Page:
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Farming Today

Author: BBC Radio 4

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The latest news about food, farming and the countryside
9 Episodes
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New research is showing that plants react differently to agri-chemicals at different times of the day. In the lab, experiments have found that a plant's sensitivity to glyphosate varies meaning less herbicide could be needed at certain times of the day. We hear from one of the scientists involved.This week, BBC News will be focusing on farming - covering different aspects of the industry every day. We find out what it's all about.And is farming going Back to the Future? We're looking at how farming businesses are being made more resilient for the future by learning from the past. From growing ancient crops to going back to a mixed system - many farmers are finding their forebears knew a few tricks that work today.Presented by Sybil RuscoeProduced by Heather Simons
It's harvest time on Farming Today and under grey sullen skies Sybil Ruscoe visits Cobrey Farms in Herefordshire to meet owner Henry Chinn. Across 3500 acres the harvest at Cobrey starts with rhubarb in February. In March thoughts turn to asparagus, before giving way to the summer months and the bringing in of potatoes and beans. This year they've grown sugar snap peas for the first time and Henry explains that because they're hand-picked it's a costly and labour-intensive process. Syb tries her hand at 'blueberry tickling' as she coaxes a few of them off their branches. The farm has up to 750 seasonal workers, mostly from Romania and Bulgaria, and Sybil asks Henry what might happen to them after Brexit, and whether the Seasonal Worker Pilot Scheme that has brought in additional workers from Ukraine and Moldova might be the answer. They also visit a Wheat field which needs to be cut soon as it turns out Wild Boar are quite partial to an arable appetiser. Producer: Toby Field
Farmers say they're feeling unfairly targeted in the debate about climate change. They're blaming the mainstream media - highlighting in particular some of the BBC News coverage of last week's UN report on land use and global warming. Many in the industry feel the coverage lacked balance and detail...with headline writers grabbing attention with their 'stop eating meat to stop climate change' angle. We look into the criticism.Apprehension was high ahead of this week's auction at Lairg in Scotland. All the talk was of a hard Brexit and speculation about a 40 per cent tariff on lamb exports heading for Europe. But we speak to farmers at the sale who are feeling confident.This year's oat harvest is set to be the largest for over 30 years - the Agriculture and Horticulture Development Board says it's expecting over a million tonnes. It's because many farmers have chosen to grow oats instead of oilseed rape. We visit a farmer who took that decision.Presented by Sybil RuscoeProduced by Heather Simons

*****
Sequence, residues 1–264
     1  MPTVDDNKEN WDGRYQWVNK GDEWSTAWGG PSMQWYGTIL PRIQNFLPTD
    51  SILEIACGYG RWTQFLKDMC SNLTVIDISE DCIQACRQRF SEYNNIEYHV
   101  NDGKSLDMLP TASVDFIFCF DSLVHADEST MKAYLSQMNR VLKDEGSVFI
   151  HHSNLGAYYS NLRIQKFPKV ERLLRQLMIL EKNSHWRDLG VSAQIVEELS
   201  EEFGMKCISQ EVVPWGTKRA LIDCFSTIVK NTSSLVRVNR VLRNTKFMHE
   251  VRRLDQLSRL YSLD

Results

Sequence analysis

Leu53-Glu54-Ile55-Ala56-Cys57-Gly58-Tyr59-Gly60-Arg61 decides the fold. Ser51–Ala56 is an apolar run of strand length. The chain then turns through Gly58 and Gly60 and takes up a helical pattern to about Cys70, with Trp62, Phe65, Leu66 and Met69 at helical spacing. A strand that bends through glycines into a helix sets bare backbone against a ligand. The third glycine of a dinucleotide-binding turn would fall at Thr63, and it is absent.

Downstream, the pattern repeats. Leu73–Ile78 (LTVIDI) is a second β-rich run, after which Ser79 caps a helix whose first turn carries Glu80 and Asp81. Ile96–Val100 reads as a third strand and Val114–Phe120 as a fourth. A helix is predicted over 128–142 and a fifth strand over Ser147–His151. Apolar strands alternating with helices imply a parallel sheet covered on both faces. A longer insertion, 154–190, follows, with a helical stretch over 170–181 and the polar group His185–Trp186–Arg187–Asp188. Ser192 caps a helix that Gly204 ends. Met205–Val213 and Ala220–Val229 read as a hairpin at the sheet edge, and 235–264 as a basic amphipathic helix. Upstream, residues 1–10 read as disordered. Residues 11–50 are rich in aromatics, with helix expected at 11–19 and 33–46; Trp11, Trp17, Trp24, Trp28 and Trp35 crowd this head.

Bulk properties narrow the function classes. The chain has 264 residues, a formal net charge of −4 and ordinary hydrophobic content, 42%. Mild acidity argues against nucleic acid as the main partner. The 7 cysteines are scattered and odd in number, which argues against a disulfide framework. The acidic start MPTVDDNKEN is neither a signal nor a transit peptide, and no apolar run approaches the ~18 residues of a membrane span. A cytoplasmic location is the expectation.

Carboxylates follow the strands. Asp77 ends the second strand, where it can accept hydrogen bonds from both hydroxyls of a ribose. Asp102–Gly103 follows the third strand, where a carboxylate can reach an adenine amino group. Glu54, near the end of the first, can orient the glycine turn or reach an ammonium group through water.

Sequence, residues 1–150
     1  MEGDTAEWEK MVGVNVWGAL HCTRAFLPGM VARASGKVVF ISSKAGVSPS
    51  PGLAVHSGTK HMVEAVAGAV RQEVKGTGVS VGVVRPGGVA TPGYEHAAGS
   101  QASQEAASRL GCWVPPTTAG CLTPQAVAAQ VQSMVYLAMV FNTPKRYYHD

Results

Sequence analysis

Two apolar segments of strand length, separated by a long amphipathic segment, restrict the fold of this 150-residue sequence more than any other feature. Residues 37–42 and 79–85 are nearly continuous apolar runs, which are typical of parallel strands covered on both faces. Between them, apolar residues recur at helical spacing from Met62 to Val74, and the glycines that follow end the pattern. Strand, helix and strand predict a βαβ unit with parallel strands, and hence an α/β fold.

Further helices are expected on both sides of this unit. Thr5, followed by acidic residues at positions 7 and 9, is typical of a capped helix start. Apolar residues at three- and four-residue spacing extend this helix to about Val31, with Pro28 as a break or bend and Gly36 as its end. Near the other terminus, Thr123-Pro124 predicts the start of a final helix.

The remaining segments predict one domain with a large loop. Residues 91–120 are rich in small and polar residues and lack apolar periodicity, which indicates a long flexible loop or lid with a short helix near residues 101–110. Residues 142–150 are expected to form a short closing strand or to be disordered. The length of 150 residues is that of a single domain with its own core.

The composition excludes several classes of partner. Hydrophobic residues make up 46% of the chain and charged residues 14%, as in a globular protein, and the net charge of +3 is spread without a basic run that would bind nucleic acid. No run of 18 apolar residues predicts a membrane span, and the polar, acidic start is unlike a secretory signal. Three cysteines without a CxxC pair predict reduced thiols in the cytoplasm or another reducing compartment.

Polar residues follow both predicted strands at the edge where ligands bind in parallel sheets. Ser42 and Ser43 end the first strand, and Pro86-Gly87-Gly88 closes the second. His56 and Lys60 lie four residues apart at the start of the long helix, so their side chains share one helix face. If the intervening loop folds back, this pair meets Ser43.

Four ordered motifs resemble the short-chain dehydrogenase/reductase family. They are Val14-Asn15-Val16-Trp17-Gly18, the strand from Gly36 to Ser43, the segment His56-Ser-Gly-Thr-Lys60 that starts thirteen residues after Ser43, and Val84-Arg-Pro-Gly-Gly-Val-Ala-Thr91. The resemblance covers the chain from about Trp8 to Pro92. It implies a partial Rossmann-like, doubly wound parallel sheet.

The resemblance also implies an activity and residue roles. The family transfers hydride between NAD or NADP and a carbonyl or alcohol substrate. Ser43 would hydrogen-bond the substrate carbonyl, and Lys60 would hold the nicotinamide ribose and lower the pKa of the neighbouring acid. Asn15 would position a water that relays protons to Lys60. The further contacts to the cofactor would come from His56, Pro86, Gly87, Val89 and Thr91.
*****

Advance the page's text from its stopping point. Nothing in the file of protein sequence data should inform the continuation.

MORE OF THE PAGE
Caz Graham is joined by Sean Rickard, independent economic analyst and a member of 'Farmers for a People's Vote', and Rupert Lowe MEP from The Brexit Party to discuss the potential implications of a no-deal Brexit on farming.It's harvest week on Farming Today and today it's the turn of the humble plum. Toby Field's been to fruit farm in Gloucestershire to meet Michael Bentley and see how the Jubileum makes it from branch to market.Looking to the future of food Charlotte Smith has been speaking to David Mayman about a personal food computer which could revolutionise how food is grown and where food is grown. Producer: Toby Field